MANILA, Philippines -- Rescuers dug through debris and mud in the central Philippines Tuesday in search of nearly 100 missing a day after a 6.9-magnitude earthquake triggered landslides, collapsed houses and killed at least 48 people.
More than 400 soldiers were dispatched to several villages in the central province of Negros Oriental, about 3560 miles south of Manila. The province suffered the most damage from Monday's quake, said army Col. Francisco Zosimo Patrimonio.
Patrimonio said up to 92 people were missing, mostly from Guihulngan City and La Libertad town in the province of Negros Oriental where landslides buried a total of almost 100 houses in two villages.
He said the landslide buried 29 houses in the village of Planas in Guihulngan City and 60 houses in the village of Solongon in La Libertad town.
Patrimonio said rescuers were having difficulty moving around to help in the search for the missing. "Many roads have been cut off so our trucks are unable to go in. There is no water. There is no electricity," he said.
Guihulngan City Mayor Ernesto Reyes said search operations were also being hampered by strong aftershocks.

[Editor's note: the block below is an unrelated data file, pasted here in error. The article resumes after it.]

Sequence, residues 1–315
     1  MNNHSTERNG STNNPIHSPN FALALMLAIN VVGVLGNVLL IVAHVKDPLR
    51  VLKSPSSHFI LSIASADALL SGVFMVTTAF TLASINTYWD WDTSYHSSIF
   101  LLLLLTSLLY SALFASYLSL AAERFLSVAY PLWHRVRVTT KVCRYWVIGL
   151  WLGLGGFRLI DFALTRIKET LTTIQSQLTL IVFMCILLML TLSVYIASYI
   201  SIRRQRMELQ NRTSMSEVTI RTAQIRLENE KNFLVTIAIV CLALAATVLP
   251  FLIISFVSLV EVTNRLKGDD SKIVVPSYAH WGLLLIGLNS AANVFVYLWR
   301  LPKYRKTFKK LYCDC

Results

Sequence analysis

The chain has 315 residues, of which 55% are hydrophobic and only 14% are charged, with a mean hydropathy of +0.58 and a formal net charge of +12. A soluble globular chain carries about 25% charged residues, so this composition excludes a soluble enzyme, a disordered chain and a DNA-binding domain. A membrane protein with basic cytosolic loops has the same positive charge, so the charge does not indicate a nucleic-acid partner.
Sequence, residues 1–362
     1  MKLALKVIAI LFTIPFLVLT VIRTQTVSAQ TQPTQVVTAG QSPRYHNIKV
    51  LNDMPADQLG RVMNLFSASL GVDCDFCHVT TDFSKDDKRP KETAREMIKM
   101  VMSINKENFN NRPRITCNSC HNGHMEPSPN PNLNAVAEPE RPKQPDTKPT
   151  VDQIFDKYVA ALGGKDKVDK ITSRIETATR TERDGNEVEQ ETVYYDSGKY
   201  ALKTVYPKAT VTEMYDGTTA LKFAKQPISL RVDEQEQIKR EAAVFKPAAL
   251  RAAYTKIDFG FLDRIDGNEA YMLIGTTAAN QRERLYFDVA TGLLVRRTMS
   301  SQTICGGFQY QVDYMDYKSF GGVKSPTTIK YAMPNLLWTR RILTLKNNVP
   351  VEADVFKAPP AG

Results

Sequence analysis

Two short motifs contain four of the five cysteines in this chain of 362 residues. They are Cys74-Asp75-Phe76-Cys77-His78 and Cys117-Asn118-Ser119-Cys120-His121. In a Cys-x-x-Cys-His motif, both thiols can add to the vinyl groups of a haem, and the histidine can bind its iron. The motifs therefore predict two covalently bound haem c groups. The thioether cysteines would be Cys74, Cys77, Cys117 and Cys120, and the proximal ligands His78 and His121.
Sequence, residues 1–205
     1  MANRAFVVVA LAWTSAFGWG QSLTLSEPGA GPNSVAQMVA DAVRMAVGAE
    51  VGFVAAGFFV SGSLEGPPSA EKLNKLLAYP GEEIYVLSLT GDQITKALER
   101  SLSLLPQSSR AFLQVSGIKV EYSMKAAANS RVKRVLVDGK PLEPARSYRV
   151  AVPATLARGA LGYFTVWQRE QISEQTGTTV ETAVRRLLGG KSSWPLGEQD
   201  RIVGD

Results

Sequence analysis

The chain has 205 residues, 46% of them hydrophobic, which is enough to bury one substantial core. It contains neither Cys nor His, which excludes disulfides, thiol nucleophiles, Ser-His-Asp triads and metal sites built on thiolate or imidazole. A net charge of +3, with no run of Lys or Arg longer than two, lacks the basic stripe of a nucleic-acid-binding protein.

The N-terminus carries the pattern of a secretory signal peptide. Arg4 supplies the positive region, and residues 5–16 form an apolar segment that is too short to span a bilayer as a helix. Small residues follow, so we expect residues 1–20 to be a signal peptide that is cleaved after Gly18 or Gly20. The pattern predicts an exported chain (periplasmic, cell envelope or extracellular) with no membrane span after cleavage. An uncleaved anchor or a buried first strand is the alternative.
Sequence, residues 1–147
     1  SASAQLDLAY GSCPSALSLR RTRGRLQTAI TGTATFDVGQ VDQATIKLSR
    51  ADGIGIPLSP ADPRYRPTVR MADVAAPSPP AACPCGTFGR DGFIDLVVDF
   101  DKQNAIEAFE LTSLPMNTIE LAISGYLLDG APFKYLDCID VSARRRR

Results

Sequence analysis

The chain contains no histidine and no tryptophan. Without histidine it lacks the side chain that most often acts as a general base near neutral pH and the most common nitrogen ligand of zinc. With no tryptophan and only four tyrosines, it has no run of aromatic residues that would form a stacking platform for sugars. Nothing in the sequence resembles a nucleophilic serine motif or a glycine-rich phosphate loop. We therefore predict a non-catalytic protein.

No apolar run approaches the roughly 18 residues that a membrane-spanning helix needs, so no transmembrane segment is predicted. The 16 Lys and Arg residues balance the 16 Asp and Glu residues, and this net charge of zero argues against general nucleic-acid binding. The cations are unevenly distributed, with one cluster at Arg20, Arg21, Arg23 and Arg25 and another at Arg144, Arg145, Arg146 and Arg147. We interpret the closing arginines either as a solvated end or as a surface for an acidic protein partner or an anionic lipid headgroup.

"Many rescuers are here but we've had to stop our operations from time to time because there are still earthquakes occurring," he told a Manila TV station. "Just now, it's shaking very hard and the road where I'm standing is cracking."
Reyes said he feared that the death toll in Guihulngan City alone could be higher than 50 already.
"I'm afraid we would not find survivors from the landslide in Planas," he said. "They are all probably dead by now."
The quake struck at 11:49 a.m. Monday and was felt in at least seven central provinces, including Negros Occidental, Iloilo, Cebu and Bacolod, according to the Philippine Institute of Volcanology and Seismology.
More than 900 aftershocks have been recorded since Monday, the strongest at magnitude 6.2.
Thousands of residents in affected areas were sleeping outside for fear that their houses would collapse in the aftershocks, while some hospitals also moved patients outdoors overnight.
President Benigno Aquino III was scheduled to visit Dumaguete City in Negros Oriental Wednesday, his spokesman Edwin Lacierda said.
Lacierda said Aquino would "inspect damaged areas and meet our countrymen affected by the calamity as well as the government workers who are providing much needed relief operations on the ground."
The Philippines, located in the Pacific "Ring of Fire," suffered its worst earthquake in 1990 when a 7.7-magnitude tremor killed nearly 2,000 people on the northern island of Luzon.
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